A ridiculous game of iSpy on the motorway “car!” “motorway!” in which I did, indeed, nearly laugh myself sick, and all too soon we were home and, if unlucky enough to live with people, frantically smuggling huge bags of books up the stairs!

Photo of my haul here:

(this also takes you to my other Flickr pics of the weekend)

Only 30, one down on last time, but some crackers in there! I will post a list later. Please ignore the ones that aren’t strictly horizontal; they are the ones that were already on my TBR, looming behind this layer. Oh, and the ones on the right don’t count – they are for rings, rays and pressies!


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Acquired 14 May 2008 – from the LibraryThing Early Reviewers’ Programme

A short novel, more of a novella, set almost exclusively in a public toilet somewhere in London, with brief forays into the houses and relationships of some of the protagonists.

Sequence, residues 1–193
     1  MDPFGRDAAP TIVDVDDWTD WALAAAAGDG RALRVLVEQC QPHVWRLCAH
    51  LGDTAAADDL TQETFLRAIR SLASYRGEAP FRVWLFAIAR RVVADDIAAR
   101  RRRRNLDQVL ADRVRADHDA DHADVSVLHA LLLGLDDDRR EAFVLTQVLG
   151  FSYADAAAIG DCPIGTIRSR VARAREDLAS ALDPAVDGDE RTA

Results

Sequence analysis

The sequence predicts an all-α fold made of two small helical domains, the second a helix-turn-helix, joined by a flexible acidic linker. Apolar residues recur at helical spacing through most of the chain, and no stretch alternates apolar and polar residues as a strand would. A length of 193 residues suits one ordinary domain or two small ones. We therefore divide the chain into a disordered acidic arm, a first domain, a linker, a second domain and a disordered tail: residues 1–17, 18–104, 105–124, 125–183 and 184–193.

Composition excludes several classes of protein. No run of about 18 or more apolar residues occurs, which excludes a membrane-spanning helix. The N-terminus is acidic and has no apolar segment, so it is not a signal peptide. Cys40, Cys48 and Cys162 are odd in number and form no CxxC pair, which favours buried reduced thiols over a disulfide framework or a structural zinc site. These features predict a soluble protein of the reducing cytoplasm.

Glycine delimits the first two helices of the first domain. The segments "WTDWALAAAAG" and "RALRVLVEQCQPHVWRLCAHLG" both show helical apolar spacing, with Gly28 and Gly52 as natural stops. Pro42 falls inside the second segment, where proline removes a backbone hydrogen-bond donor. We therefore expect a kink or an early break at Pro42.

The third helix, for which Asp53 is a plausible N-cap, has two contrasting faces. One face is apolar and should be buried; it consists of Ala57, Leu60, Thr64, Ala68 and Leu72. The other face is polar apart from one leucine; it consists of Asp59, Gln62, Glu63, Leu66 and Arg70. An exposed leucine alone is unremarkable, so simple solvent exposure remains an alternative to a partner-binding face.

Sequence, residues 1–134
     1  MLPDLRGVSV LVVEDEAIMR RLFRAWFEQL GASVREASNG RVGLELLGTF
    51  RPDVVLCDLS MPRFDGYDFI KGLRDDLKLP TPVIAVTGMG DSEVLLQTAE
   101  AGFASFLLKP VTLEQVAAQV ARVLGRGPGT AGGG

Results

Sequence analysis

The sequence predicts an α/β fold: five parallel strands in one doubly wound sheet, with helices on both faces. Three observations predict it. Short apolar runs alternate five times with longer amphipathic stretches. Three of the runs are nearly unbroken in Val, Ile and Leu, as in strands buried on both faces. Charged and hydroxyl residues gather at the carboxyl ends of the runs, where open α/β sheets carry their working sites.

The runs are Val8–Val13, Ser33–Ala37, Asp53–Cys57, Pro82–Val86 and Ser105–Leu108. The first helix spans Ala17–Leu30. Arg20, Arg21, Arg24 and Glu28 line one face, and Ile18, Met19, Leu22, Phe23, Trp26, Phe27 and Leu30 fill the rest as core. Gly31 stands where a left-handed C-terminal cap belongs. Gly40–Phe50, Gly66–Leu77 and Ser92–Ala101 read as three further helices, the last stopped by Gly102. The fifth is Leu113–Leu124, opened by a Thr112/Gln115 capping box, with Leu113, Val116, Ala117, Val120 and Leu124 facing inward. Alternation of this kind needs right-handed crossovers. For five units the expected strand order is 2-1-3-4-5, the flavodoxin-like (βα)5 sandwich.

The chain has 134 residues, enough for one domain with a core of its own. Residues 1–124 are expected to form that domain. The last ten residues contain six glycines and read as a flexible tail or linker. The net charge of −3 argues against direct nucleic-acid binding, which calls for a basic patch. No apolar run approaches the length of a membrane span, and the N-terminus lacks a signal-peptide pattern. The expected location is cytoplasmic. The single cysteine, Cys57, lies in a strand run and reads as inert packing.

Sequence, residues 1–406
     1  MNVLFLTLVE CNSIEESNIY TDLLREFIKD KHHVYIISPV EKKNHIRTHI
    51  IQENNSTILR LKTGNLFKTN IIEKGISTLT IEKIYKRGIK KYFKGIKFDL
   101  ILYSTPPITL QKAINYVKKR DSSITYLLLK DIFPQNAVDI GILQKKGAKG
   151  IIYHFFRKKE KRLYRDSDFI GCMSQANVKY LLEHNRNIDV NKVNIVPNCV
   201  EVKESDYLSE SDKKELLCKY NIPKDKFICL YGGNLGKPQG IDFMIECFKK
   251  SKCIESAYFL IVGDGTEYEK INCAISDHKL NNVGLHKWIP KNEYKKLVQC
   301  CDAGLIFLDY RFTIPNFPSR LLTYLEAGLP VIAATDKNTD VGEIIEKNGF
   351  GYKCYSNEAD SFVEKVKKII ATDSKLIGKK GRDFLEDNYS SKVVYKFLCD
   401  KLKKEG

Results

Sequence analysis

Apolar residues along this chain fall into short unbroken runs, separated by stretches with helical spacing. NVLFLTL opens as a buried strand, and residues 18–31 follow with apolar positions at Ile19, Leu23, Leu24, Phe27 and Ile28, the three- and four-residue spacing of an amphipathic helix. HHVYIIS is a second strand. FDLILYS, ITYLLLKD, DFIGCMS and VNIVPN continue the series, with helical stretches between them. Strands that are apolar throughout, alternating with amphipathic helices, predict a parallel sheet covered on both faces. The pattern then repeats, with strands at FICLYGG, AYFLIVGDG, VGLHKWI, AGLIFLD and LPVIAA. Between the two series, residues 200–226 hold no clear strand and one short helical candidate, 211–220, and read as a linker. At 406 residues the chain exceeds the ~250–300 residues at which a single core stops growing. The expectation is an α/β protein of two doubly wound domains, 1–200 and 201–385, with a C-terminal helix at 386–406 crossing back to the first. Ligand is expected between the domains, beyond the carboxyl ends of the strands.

Ez, encouraged by his wife and concerned about his son, starts a new job as a toilet attendant, working alongside manager Reynolds and laid-back Rasta, Jason. He soon discovers the main problem they have to face; cottaging activities amongst the mainly white, businessman, clientele. But when the cottagers leave, so do their takings…

A maybe unprepossessing setting belies a charming and engaging tale. Ez’s family is skillfully outlined, and Jason’s resourcefulness and pragmatic approach can surprise us. There is a little violence; the whole is reminiscent of Magnus Mills and his down to earth characters; if Magnus Mills set his works among Carribbean migrants trying to do the best for their various families. In the end, interesting, suprising, and it brought a smile to this reviewer’s face.


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Bought 04 Feb 2008 – Bookends

Account of their epic cross-Atlantic row. Fascinating stuff, half written by each, so we get both sides of all of the important episodes, with perhaps more considered writing and less swearing than Charley’n’Ewan in Africa! I do enjoy a sea adventure book and there was loads to savour here – although not the poorly bottoms! Interesting to see how they both coped in their different ways, and what they learned about themselves and each other.